Take a look below at my portfolio of apps. Give them a try to see what they're like, and feel free to get in touch with any questions!
This app is designed to teach students physics, using interactive and customisable simulations. It was written in SwiftUI, for iPhone and iPad.
The app features several objects the user interacts with, creating unique simulations to learn about the equations of motion. For example, the user may explore the motion of a brick resting on an inclined conveyor belt, which is itself attached to a moving scissor lift. In addition, there are examples of projectile motion, where the user can throw the brick.
The user can scrub through the simulations by dragging on the chart, which is a powerful technique to better understand the equations and graphs.
The brick features a facial expression, which animates using a combination of SpriteKit and SwiftUI.
The app strikes a balance between guiding the user through the simulations and equations, while also providing an area where they can freely explore different motions, and configure their own simulation.
The architecture of the app allows for easily adding and customising different types of simulation objects, and maximises code reuse to simplify adding future units.
Thorough unit tests ensure the app works great, and comprehensive support for VoiceOver enables more users to enjoy it. This includes usage of new APIs in iOS 15 to provide an enhanced user experience for users using VoiceOver.
A framework was created to share common code between this app and the AP Chemistry Simulations app below.
Designs for the app were provided by the client. I was the sole developer and contributed to the physics content.
AP Chemistry Reactions
This app is designed to vastly improve how students learn chemistry, and help them prepare for their exams. It features beautiful, interactive simulations, with a thorough quiz after each section.
The app was written almost entirely in SwiftUI, with some usage of UIKIt and SpriteKit.
There are many interesting visualisations, all focused around a common beaker. These include a grid of molecules, a macroscopic view with dynamic colours, bouncing molecules, dissolving solute particles, a growing precipitate, and more. The more advanced molecule simulations make use of SpriteKit.
Outside of the beaker, there are several interactive tools, such as sliders, burners, liquid droppers, and scales. There are also containers which move and drop molecules into the beaker in response to motion.
The app features seamless animations and user interaction, with detailed graphs. These are interactive, and let the user scrub through many of the reactions. One of the many strengths of SwiftUI is how it automatically keeps the UI in sync while the user changes the time of the reaction, enabling a wonderful user experience.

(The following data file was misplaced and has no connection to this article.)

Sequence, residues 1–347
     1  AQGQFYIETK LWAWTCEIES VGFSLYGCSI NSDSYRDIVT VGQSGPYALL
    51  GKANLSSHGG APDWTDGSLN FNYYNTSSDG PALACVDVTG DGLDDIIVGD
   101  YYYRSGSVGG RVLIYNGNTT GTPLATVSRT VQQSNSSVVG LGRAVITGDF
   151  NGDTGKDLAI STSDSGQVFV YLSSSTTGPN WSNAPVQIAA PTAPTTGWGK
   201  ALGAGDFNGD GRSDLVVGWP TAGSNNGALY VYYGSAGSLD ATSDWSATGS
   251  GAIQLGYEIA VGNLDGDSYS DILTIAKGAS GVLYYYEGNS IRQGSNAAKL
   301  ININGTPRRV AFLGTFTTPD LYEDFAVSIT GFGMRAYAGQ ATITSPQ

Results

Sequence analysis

The app is split into different units, which correspond to the AP Chemistry syllabus. The app is architected using a different module for each unit, which helps keep them well encapsulated and easier to work on.
The app uses a tipping model, implemented using both consumable and non-consumable in-app purchases. Support for VoiceOver has been meticulously added throughout the app, including all equations and graphs.
Comprehensive unit tests have been added, ensuring the app always works great.
The client provided the app designs, and I was the sole developer. It is available for both iOS and iPad.
AnyLog is a flexible logging application made using SwiftUI. Users can create trackers to keep track of whatever they want, and see statistics and graphs to summarise their data.
AnyLog uses Core Data for storage and supports iCloud so users can use the app across devices.
One of the challenges of designing this kind of app is keeping the UI simple, while still exposing many configuration choices. AnyLog manages to strike this balance with an intuitive interface, which keeps configuration out of the way until a user needs it.
Storing such flexible data also requires robust and careful design of both the underlying database and the codebase itself.
AnyLog was written natively for iOS using the latest APIs and best practices to provide a fluid experience and great performance.
The idea behind Wave Writer was to create a high quality, immersive writing experience. Inspired by voice recording apps that show how sound waves respond to the user’s voice, WaveWriter brings this idea to typing.
A wave at the top of the screen responds as the user types. The animation properties even change as the user types faster or slower, and the wave slowly comes back to the starting position when the user is finished typing.
The underlying code behind the animations is complex, while still performing very well and remaining totally responsive as the user types.
Complimenting the animation, there are several well-designed themes the user can choose from, for both light mode and dark mode.
WaveWriter was made using Swift and SwiftUI.
Zero Below Zero
This puzzle game was made natively for iOS, using Swift and SwiftUI. So even though it’s a game, it uses the same technology as other iOS apps.
The game features playful animations and a carefully designed colour scheme. The graphics use a mix of 3rd party images as well as my own designs.
While the game is simple to play, there is a complex algorithm behind the scenes to figure out the minimum number of moves each level can be completed in.
A simple approach to just try every combination of moves is far too inefficient to be practical. For example, a simple level with just 4 circles has over 1 billion ways to perform 15 moves!
Only after designing a well optimised and efficient algorithm was it possible to create complex and interesting levels.
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